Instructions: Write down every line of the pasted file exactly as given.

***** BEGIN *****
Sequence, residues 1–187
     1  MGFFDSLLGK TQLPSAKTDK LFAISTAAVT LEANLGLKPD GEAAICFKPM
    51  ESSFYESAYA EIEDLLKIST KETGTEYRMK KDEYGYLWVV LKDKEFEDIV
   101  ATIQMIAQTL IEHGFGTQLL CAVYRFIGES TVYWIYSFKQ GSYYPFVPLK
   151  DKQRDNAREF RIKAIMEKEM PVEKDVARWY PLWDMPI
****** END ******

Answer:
Sequence, residues 1–187
     1  MGFFDSLLGK TQLPSAKTDK LFAISTAAVT LEANLGLKPD GEAAICFKPM
    51  ESSFYESAYA EIEDLLKIST KETGTEYRMK KDEYGYLWVV LKDKEFEDIV
   101  ATIQMIAQTL IEHGFGTQLL CAVYRFIGES TVYWIYSFKQ GSYYPFVPLK
   151  DKQRDNAREF RIKAIMEKEM PVEKDVARWY PLWDMPI